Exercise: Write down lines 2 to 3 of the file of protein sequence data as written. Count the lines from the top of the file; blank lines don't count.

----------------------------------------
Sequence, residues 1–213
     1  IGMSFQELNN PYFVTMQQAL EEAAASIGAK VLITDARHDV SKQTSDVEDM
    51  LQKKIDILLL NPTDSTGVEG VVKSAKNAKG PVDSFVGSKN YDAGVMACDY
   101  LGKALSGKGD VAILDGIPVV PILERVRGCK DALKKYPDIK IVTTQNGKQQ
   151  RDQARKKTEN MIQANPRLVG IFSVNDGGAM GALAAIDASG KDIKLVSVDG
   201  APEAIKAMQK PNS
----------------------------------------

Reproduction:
     1  IGMSFQELNN PYFVTMQQAL EEAAASIGAK VLITDARHDV SKQTSDVEDM
    51  LQKKIDILLL NPTDSTGVEG VVKSAKNAKG PVDSFVGSKN YDAGVMACDY